>>>>> And they never burned out.*** Though I decided to get fancy and I
>>>>> replaced them once with halogen, and those did burn out.
>>>> Your memory of sealed beams is different than mine.
>>>
>>> Well maybe I didn't drive as much as I could have.

>>
>>
>>>
>>>> Besides replacing a few on my own
>>>> cars, I saw many "one-eyed" cars on the road.* That's a rare sight
>>>> nowadays.
>>>
>>> But I drive less now than I did then, and I was one-eyed twice
>>> in the
>>> last two years.*** Occasionally when I'm facing something
>>> reflective, a
>>> store window, certain cars, I test my headlights but I don't
>>> know how
>>> long they had been out.** There are enough street lights here that
>>> unless I go to the next town at night, I can't tell by how well
>>> I can
>>> see.

>>
>> The trade off with modern lighting is that to get brighter
>> lighting with
>> the smaller reflectors used they run the bulbs at a higher
>> voltage than
>> they used to. So an older sealed beam may have been tagged as a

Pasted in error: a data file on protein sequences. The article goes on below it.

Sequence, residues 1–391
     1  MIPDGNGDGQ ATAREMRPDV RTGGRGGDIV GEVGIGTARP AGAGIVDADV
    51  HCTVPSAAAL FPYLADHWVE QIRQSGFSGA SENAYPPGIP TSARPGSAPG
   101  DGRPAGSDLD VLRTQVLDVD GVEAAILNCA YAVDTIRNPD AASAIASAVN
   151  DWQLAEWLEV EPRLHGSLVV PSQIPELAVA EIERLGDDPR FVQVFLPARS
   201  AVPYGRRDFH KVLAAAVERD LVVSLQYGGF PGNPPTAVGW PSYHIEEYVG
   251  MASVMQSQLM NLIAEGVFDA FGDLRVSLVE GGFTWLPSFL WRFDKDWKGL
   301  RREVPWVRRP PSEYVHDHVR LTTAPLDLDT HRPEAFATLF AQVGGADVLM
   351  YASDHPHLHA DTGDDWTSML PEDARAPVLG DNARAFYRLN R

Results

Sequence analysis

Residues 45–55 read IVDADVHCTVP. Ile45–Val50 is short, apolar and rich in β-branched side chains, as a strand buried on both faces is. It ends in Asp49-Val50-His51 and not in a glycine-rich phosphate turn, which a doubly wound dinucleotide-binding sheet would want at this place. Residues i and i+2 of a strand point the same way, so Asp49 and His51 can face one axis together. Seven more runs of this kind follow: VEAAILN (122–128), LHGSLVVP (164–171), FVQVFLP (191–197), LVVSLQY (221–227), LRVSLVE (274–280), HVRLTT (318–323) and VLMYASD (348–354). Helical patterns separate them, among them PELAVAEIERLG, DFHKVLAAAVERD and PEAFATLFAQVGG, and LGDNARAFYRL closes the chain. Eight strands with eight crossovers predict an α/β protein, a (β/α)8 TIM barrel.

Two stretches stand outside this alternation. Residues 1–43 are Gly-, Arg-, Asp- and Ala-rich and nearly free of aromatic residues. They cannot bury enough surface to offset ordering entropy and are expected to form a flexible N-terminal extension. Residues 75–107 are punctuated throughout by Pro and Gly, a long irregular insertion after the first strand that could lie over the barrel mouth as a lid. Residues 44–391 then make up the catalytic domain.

>> 12 volt.
>> but the filament was set up to run at 14 or higher. So the sealed
>> beams
>> tended to last a while, unless they were the cheap ones and in poor
>> mountings.
>>
>>>
>>> Also one fog light burned out. Will the police stop you for
>>> that?* I
>>> guess, if allowed, it would make a good excuse and they like to
>>> stop
>>> people.

>>
>> Nope, fog lights are not required lighting. They can stop you for
>> headlights, tail brake (although technically the laws state you
>> need two
>> rear facing brake lights so if the CHMSL is working they cannot
>> give you
>> a ticket for one out UNLESS it is also the turn lamp) And these
>> days for
>> not having them on in the rain.
>>

>
> A different situation: I'd bought an old Dodge pickup where someone
> with big truck envy had installed clearance lights on the cab.
> According to New Hampshire law while they certainly weren't
> required if they were there they had to work.
>
>


So, remove them. Caulk the holes with RTV silicon.